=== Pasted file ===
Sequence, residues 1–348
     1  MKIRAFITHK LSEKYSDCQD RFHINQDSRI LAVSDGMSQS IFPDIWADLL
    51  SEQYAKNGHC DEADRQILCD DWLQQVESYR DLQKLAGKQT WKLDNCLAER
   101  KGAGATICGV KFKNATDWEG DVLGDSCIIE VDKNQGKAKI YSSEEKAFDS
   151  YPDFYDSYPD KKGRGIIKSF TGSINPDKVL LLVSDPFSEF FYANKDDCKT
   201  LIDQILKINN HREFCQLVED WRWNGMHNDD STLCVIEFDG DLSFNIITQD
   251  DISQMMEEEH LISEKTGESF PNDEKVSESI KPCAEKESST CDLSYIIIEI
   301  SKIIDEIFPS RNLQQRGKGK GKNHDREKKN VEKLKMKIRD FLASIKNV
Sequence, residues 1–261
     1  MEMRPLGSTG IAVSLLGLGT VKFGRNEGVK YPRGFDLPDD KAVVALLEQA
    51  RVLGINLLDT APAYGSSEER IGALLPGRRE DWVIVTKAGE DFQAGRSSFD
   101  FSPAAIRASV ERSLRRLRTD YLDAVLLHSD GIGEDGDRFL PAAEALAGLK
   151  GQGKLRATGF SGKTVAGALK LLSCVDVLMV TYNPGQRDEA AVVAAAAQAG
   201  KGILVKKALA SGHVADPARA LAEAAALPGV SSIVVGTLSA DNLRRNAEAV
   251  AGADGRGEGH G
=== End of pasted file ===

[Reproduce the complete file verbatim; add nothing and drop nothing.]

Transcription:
Sequence, residues 1–348
     1  MKIRAFITHK LSEKYSDCQD RFHINQDSRI LAVSDGMSQS IFPDIWADLL
    51  SEQYAKNGHC DEADRQILCD DWLQQVESYR DLQKLAGKQT WKLDNCLAER
   101  KGAGATICGV KFKNATDWEG DVLGDSCIIE VDKNQGKAKI YSSEEKAFDS
   151  YPDFYDSYPD KKGRGIIKSF TGSINPDKVL LLVSDPFSEF FYANKDDCKT
   201  LIDQILKINN HREFCQLVED WRWNGMHNDD STLCVIEFDG DLSFNIITQD
   251  DISQMMEEEH LISEKTGESF PNDEKVSESI KPCAEKESST CDLSYIIIEI
   301  SKIIDEIFPS RNLQQRGKGK GKNHDREKKN VEKLKMKIRD FLASIKNV
Sequence, residues 1–261
     1  MEMRPLGSTG IAVSLLGLGT VKFGRNEGVK YPRGFDLPDD KAVVALLEQA
    51  RVLGINLLDT APAYGSSEER IGALLPGRRE DWVIVTKAGE DFQAGRSSFD
   101  FSPAAIRASV ERSLRRLRTD YLDAVLLHSD GIGEDGDRFL PAAEALAGLK
   151  GQGKLRATGF SGKTVAGALK LLSCVDVLMV TYNPGQRDEA AVVAAAAQAG
   201  KGILVKKALA SGHVADPARA LAEAAALPGV SSIVVGTLSA DNLRRNAEAV
   251  AGADGRGEGH G